ON THE TRAIL OF NEGRO FOLK-SONGS

A Collection Of Negro Traditional & Folk Songs with Sheet Music Lyrics & Commentaries - online book

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190
NEGRO FOLK-SONGS
YOU CALL ME DOG, I DON* KER
You call me dog,. . I don* ker, Oh, rock-um Jub - a - lee!
You call me dog, I don' ker,
Oh, my Lord! You call me dog, I don* ker,
Oh, rockum jubalee!
You call me cat, I don' ker,
Oh, my Lord! You call me cat, I don' ker,
Oh, rockum jubalee!
You call me mule, I don: ker,
Oh, my Lord! You call me mule, I don' ker,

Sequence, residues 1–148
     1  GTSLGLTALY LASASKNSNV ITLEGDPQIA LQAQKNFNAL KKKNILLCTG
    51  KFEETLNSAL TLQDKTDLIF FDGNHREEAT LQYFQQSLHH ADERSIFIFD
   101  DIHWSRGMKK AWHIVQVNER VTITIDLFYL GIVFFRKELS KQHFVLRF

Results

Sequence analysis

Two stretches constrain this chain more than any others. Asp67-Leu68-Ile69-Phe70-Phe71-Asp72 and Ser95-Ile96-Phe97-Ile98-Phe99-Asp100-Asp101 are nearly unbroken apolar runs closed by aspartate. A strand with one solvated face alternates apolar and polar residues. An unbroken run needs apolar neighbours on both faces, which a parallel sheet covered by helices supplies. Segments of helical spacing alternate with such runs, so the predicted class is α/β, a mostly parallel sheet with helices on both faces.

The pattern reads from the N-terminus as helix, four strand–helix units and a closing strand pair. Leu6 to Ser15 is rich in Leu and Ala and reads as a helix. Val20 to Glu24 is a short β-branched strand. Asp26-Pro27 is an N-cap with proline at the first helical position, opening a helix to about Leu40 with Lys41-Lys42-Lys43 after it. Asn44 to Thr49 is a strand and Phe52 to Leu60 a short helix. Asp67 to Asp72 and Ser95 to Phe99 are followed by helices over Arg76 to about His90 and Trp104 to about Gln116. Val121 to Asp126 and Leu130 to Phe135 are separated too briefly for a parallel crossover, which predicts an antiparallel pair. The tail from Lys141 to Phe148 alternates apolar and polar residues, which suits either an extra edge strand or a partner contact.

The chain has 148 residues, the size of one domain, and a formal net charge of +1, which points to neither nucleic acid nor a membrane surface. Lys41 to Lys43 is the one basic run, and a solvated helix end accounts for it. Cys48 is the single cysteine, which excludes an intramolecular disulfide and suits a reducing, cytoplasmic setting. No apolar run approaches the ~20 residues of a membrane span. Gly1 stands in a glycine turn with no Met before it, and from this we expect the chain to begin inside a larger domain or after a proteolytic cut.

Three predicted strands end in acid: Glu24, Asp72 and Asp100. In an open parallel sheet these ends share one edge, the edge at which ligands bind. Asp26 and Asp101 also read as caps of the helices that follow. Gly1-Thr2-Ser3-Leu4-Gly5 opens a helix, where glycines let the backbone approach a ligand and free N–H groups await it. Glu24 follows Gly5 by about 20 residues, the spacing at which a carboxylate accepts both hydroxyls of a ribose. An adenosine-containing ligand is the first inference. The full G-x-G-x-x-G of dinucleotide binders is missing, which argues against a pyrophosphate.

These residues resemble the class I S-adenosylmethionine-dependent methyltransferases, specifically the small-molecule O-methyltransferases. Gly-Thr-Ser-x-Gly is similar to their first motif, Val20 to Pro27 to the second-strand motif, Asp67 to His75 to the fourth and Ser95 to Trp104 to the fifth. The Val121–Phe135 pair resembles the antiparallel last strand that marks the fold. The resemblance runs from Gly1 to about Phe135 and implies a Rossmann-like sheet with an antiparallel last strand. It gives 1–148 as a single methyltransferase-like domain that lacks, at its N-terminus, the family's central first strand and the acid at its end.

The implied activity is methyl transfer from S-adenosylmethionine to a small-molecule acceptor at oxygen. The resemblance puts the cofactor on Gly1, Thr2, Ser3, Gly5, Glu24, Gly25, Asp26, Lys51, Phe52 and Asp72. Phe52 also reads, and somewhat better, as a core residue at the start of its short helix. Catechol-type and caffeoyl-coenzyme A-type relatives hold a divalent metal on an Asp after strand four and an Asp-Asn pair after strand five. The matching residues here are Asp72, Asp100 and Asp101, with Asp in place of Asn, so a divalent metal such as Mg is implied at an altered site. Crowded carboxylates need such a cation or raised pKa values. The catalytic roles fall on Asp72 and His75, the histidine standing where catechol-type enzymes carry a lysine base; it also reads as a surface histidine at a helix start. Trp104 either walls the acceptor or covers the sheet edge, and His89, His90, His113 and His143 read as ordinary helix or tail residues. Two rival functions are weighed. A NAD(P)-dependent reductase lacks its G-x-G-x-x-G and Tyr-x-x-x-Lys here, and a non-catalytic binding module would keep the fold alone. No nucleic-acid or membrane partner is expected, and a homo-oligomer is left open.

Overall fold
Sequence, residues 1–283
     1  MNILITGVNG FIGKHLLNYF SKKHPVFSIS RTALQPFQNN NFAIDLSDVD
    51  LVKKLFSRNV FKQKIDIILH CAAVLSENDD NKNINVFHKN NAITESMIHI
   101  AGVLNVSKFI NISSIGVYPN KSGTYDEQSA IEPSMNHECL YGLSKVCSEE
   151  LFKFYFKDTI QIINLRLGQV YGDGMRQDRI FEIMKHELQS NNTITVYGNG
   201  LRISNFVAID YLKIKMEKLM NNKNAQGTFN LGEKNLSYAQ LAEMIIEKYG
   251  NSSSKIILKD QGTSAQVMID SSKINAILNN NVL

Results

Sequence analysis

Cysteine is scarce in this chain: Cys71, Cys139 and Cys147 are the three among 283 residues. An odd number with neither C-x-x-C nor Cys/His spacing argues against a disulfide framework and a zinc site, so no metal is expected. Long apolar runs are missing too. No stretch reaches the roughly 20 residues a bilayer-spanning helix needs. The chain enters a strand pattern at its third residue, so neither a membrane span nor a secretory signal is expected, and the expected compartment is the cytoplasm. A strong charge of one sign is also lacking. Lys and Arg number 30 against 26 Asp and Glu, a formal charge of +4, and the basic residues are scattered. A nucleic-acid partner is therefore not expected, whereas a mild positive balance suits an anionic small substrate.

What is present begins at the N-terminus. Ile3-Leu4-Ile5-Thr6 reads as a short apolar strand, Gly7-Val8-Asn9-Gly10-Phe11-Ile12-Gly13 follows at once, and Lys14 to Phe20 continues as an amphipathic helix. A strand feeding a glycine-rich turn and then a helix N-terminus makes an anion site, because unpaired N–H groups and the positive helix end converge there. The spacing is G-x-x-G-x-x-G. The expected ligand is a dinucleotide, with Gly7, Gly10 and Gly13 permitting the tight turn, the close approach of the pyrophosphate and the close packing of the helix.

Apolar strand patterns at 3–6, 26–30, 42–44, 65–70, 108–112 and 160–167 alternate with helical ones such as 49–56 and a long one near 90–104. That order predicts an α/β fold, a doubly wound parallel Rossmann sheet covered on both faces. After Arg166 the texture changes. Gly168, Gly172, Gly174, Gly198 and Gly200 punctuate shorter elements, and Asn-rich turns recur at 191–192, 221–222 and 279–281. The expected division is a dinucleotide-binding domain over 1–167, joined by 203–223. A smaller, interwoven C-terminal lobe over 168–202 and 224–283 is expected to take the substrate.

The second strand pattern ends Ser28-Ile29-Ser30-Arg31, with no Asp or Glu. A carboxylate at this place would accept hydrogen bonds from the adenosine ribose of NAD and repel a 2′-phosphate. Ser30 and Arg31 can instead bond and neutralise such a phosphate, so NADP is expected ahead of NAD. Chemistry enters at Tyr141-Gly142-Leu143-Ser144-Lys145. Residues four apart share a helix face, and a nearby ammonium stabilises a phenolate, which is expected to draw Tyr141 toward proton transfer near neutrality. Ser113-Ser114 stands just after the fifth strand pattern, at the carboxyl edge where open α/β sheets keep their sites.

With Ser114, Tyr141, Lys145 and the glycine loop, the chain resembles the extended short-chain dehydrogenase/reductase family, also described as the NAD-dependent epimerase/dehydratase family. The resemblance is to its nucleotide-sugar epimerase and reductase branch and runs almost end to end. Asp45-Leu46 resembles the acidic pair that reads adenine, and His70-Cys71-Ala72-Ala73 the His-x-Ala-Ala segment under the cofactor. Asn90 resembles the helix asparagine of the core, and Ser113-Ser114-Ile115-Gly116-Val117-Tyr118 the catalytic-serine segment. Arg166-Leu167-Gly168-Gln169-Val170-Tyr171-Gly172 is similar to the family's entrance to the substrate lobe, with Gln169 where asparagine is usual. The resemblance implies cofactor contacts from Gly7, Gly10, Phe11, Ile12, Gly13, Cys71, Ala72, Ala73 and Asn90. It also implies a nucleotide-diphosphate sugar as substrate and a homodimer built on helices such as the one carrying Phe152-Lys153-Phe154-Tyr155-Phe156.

Oh, rockum jubalee!
You call me snake, I don' ker,
Oh, my Lord! You call me snake, I don' ker,
Oh, rockum jubalee!
This was used to teach very young children to "shout and clap," which was done in syncopated1 time as an accompaniment. The verses were endless, as every known and unknown biological speci­men was introduced.
Mrs. Ratcliffe of Natchez has two felines in a fragment of folk­song she gave me:
Mary, she did dream a dream,
As she was floating down the stream.
When she woke, she gave a sigh,
The grey cat kicked out the black cat's eye!
Birds and fowls also enter into the biological folk-song of the Negro. Feathers, wild and tame alike, flit through the lines, for the Negro makes comrades of the creatures that come into his life. He shows this difference from the sophisticated poet in that he devotes







E-Book - An Annotated Compendium of Old Time American Songs by James Alverson III